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Hospice going back into St. Luke’s

By Staff | Jul 17, 2011

Mary Ellen Rigby

It’s been more than four years since United Hospital District ended its hospice services at St. Luke’s.

That will be changing very soon.

Dennis Reiman, interim administrator at St. Luke’s Lutheran Care Center, says attorneys for the nursing home and UHD are working out final details of an agreement.

“We continue to look at our end of life care as a valuable resource, but we know there are some families that may like to use another hospice program,” Reiman says.

St. Luke’s has been the only long-term care facility in a 30-mile radius of Blue Earth not served by United Hands Hospice.

Mary Ellen Rigby, director of home care and hospice in Faribault County, says UHD’s hospice program is among the “gems” of health care delivery offered in Blue Earth.

“St. Luke’s provides awesome care. Right now they have a need to enhance the care for Medicare recipients. We’re here and happy to help them,” says Rigby.

There is a need for them right now. We’re here and happy we can provide these services

In 2007, UHD’s contract with St. Luke’s for hospice care services was not renewed.

At that time, nursing home officials said United Hands Hospice was similar to its own, thus making it redundant and a duplication of services.

St. Luke’s administration also pointed out that during a five-year period only 27 of the home’s 485 residents sought assistance from United Hands.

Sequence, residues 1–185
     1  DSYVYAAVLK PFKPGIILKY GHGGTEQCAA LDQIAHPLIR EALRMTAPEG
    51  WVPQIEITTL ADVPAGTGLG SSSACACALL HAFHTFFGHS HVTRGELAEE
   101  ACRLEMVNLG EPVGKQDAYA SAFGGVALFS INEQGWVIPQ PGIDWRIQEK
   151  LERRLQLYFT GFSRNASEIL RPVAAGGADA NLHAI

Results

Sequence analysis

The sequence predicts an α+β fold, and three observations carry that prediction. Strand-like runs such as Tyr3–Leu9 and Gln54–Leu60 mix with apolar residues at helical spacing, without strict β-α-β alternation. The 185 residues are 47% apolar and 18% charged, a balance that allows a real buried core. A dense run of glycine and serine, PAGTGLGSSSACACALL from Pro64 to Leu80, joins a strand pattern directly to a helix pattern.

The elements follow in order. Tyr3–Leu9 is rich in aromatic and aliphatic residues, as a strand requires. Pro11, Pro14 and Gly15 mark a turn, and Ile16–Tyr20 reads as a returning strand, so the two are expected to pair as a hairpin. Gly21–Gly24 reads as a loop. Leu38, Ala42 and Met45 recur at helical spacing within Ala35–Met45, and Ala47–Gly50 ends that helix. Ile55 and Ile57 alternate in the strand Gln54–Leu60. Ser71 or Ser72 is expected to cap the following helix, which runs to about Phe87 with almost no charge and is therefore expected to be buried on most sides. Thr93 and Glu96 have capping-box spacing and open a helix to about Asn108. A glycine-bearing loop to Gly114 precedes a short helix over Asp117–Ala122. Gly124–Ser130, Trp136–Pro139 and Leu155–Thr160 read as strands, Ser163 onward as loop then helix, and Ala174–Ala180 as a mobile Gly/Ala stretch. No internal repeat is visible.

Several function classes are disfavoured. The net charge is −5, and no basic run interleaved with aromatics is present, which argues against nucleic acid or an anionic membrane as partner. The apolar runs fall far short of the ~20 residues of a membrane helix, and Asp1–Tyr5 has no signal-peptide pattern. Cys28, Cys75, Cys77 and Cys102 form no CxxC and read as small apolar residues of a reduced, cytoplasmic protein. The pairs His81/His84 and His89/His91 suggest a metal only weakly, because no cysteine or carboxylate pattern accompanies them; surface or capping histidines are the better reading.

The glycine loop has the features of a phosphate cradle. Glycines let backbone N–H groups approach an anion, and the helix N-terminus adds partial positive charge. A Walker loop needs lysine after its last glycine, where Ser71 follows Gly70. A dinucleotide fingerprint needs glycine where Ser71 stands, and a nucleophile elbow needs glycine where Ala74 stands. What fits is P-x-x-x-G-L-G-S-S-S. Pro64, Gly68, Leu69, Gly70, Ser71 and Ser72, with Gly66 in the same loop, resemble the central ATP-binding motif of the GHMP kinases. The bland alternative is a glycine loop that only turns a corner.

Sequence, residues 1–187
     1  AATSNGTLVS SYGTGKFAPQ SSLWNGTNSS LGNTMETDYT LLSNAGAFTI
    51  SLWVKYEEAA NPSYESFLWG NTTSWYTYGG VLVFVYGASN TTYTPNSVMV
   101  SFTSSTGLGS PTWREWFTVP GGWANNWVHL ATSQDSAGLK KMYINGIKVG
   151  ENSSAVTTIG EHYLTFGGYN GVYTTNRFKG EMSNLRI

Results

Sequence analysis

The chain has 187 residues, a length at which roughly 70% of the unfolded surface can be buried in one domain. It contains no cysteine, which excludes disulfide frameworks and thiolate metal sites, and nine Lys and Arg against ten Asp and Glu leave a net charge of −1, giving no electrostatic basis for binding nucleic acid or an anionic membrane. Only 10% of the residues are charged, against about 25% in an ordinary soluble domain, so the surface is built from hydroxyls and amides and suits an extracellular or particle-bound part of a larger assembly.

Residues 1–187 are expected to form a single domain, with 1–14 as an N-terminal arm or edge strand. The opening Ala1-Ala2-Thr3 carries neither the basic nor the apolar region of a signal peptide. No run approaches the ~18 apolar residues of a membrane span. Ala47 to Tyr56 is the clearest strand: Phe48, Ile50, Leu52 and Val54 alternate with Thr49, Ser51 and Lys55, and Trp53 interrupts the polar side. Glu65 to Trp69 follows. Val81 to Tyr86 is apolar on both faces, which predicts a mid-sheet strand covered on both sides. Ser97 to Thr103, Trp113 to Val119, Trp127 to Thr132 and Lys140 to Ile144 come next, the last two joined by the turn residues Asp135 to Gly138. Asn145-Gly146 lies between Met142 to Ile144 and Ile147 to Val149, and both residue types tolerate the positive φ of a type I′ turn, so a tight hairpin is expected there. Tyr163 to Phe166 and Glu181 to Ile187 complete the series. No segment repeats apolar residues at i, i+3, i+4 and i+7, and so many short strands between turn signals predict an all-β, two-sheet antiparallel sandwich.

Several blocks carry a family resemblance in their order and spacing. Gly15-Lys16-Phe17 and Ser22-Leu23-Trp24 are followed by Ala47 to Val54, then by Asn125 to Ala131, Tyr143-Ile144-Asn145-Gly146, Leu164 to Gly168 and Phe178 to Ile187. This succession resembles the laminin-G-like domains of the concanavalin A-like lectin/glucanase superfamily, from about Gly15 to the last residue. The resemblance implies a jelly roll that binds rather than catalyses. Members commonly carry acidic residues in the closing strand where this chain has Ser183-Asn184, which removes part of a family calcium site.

And, the day the program was dropped only one person of the facility’s 137 residents was using UHD’s services.

“Things were done differently then. Our hands were tied before. Administration made some decisions without board input,” says Sonja Willmert, president of St. Luke’s 17-member board of directors.

Willmert says current administration at St. Luke’s has fresh ideas and a new way of thinking.

“Partnering and working with another medical provider is positive for the homes residents,” Reiman says.

Reinstating United Hands is the recommendation of St. Luke’s five-member executive board.

Willmert, who is chairperson of the group, says it was unanimous to expand hospice care offered at the nursing home.

“We’re trying to look ahead and do what’s best for the residents at St. Luke’s and the community,” she says. “We just want to do what’s right.”

Reiman isn’t sure how long it will take to iron out “language issues” in the agreement.

He says the contract does not involve monetary terms, so there are no out-of-pocket costs for anybody.

During a UHD board meeting earlier this month, administrator Jeff Lang told members hospice training is being given to St. Luke’s staff.

Hospice services can be paid through Medicare, medical assistance and private insurance plans.

Patients unable to afford hospice aren’t turned away.

In 2010, UHD provided “uncompensated care” totaling about $40,000.

“If our projections go as expected, we definitely exceed that amount this year,” Rigby says.